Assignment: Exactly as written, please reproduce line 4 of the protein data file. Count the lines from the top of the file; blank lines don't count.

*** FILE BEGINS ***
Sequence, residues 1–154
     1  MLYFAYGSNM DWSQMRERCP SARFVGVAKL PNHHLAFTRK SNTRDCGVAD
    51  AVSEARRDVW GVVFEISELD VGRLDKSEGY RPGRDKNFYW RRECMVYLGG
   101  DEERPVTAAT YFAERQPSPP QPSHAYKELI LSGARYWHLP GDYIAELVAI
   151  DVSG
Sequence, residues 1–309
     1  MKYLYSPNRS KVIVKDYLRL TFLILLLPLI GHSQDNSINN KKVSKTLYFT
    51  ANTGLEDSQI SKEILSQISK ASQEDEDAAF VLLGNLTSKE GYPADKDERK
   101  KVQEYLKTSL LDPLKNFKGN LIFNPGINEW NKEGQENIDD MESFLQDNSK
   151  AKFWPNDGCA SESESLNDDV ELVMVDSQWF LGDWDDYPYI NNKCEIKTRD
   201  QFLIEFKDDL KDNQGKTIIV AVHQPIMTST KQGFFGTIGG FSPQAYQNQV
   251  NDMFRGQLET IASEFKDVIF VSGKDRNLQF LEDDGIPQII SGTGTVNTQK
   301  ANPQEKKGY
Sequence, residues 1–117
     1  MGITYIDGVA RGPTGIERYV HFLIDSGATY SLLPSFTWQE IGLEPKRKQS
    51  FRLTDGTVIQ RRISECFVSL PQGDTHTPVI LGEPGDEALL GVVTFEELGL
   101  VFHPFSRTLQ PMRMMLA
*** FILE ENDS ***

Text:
   101  DEERPVTAAT YFAERQPSPP QPSHAYKELI LSGARYWHLP GDYIAELVAI